The right to vote and to cast a free and secret ballot is supposed to be the cornerstone of democracy. Yet, upwards of 5.3 million Americans are denied the right to vote because of a past felony conviction. In fact, felons are the only group who is banned from voting by law. While Maine and Vermont allow all residents to vote, even residents serving time in jail, every other state has enacted laws that ban those serving time from voting. Two states, Virginia and Kentucky, permanently disenfranchise people convicted of felonies even after they have served their time.

The exclusion of lawbreakers from the political process dates back hundreds of years. Colonial law incorporated provisions that restricted or eliminated the rights of felons to vote. However, today's laws that restrict voting rights owe their history to the post-civil war reconstruction era. Southern states in particular worried about the potential effects of the15th amendment, which gave African Americans the right to vote. These states enacted a series of "Jim Crow" laws, such as poll taxes and literacy requirements, as a means to disenfranchise voters. Banning people with felony convictions from voting significantly limits the number of African-Americans who can vote. According to the Sentencing Project, "1.4 million African American men, or 13% of black men, is disenfranchised, a rate seven-times the national average."

Over the last few years, advocates of felon voting rights have helped to successfully dismantle some laws, but the fight continues and millions of citizens every election are unable to vote because they have a felony conviction on their record.

To learn more about felon disenfranchisement visit The Sentencing Project.


Find the state processes for ex-felon re-enfranchisement This is especially useful if you are an ex-felon, a friend/family member of an ex-felon or are simply curious about the policies and procedures individual states establish.

[ More resources on felon disenfranchisement ]  

Florida Restores Felon Voting Rights

Published April 5th 2007 in The New York Times

TALLAHASSEE, Fla. (AP) -- Most Floridafelons will regain voting and other civil rights more quickly after completing their sentences under changes approved Thursday by the governor and the state clemency board.

All but the most violent felons can now avoid waiting for a board hearing, a process that sometimes takes years.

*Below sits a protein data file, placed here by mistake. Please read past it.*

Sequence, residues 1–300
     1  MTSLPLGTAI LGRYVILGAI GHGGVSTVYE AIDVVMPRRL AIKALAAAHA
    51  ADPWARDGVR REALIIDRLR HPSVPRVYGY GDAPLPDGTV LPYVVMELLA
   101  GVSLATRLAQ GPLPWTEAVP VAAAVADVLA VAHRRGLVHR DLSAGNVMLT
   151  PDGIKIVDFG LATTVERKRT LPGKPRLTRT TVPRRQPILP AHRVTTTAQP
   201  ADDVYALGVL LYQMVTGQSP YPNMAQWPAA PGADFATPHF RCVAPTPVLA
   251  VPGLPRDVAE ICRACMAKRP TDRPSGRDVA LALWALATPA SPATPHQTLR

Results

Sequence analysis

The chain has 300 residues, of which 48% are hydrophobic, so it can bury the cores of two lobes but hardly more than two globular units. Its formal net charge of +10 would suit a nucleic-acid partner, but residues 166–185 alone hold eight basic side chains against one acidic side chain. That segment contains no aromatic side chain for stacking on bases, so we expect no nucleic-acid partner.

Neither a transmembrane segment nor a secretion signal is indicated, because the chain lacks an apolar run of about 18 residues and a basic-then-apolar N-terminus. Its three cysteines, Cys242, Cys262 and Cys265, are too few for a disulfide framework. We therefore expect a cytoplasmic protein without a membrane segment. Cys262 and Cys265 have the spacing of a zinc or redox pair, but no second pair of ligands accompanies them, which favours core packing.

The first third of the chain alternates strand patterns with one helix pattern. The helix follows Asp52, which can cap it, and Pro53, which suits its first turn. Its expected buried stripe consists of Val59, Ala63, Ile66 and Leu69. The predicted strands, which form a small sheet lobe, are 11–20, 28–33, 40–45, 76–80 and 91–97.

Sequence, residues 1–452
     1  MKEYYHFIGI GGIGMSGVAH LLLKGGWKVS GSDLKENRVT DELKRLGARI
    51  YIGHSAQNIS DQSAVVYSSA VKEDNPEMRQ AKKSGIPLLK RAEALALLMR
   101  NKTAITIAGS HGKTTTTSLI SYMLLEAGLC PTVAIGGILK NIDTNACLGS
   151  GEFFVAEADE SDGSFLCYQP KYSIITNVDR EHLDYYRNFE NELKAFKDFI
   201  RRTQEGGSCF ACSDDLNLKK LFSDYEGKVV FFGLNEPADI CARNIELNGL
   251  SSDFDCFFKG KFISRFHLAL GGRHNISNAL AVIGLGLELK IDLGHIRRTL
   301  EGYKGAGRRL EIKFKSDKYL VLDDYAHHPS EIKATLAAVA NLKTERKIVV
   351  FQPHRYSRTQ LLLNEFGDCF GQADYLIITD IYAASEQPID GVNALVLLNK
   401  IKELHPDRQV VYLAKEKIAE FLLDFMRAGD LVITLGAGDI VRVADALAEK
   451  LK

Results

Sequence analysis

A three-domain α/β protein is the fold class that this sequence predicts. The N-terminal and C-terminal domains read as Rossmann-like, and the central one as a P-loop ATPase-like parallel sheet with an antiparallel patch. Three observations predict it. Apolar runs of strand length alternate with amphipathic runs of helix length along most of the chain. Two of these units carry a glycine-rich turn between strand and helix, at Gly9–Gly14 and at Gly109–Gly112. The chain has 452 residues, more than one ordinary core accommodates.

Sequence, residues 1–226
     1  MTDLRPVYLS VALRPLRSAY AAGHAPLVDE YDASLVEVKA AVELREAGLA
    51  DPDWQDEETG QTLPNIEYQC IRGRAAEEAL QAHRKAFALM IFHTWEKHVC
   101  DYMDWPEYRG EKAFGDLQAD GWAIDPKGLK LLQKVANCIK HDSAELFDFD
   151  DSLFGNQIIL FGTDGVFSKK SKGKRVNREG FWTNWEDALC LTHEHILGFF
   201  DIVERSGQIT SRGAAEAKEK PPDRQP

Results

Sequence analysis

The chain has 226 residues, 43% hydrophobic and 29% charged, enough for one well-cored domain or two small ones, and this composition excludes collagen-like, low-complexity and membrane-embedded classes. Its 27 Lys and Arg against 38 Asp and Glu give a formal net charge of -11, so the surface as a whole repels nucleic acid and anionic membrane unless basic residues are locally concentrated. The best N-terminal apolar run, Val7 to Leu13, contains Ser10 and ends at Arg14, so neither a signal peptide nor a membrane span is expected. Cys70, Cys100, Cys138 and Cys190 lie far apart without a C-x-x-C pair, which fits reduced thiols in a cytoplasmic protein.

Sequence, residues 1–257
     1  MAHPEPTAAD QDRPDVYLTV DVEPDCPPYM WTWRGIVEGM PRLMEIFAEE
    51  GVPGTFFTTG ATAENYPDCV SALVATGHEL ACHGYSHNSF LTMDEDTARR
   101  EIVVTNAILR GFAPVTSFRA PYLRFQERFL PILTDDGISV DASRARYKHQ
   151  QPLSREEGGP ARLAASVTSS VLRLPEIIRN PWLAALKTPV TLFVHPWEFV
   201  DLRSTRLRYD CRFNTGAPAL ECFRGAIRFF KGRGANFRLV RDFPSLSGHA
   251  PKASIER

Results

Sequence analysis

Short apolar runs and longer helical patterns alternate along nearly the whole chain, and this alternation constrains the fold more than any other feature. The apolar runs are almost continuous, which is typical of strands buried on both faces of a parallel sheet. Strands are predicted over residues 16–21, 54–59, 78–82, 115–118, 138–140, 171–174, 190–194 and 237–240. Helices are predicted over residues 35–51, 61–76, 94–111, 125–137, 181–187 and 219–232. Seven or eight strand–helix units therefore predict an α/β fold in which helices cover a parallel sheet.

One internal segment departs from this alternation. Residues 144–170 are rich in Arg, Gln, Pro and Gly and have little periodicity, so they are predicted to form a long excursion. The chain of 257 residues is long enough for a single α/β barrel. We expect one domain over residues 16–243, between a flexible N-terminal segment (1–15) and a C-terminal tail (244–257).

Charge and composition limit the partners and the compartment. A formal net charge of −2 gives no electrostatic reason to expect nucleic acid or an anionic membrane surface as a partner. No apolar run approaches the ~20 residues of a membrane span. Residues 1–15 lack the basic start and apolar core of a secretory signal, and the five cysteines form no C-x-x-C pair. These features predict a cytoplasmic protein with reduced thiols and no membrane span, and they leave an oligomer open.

Along with regaining the right to vote, felons can now more quickly serve on juries and get licensed for many occupations, a key concern of activists. The right to have a firearm still wouldn't be automatically restored.

Felon civil rights drew attention after the disputed 2000 presidential election, when many non-convicts were purged from voter rolls because of rampant errors in the state's prison database.

Florida was one of three U.S. states along with Kentucky and Virginia that require ex-felons to take action to restore their civil rights no matter how long they've been out of prison. Other states have waiting periods before restoration; most restore rights automatically when felons complete their sentence.

Under the change, which takes effect immediately, Florida officials will automatically begin the rights-restoration process for felons when they finish their sentences. People who previously completed sentences but are still awaiting restoration of their rights will still have to apply on their own because most are not tracked by the state after their release.

The change was urged by Republican Gov. Charlie Crist, who was elected last November. His predecessor, Jeb Bush, had long opposed changing the ban.

''I believe in simple human justice and that when somebody has paid their debt to society, it is paid in full,'' Crist said Thursday. ''There's a time to move on, a time to give them an opportunity to have redemption, to have a chance to become productive citizens again.''

The 3-1 vote Thursday was a compromise, continuing to require murderers and other violent felons to either go before the board for a hearing or at least undergo a review. Felons must also pay all court-ordered restitution to their victims before becoming eligible to get their rights back.

Republican Attorney General Bill McCollumcast the sole opposing vote, saying the change was welcoming the worst of the worst back into society too easily. Voting with Crist for the plan were Republican Agriculture Commissioner Charlie Bronson and state Chief Financial Officer Alex Sink, a Democrat.

A federal lawsuit challenged the ban on grounds that it disproportionately affected blacks, but the 11th Circuit Court of Appeals rejected that argument in 2005, noting Florida first banned felon voting in 1845 -- before blacks were allowed to vote. The Supreme Court later let that decision stand.

Felon advocates generally applauded the change, while noting that rights restoration is still not completely automatic.

Gretchen Howard, president of the Florida Network of Victim Witness Services, said advocates for crime victims support the new rule because it ''provides an outstanding incentive'' for felons to make good on restitution orders.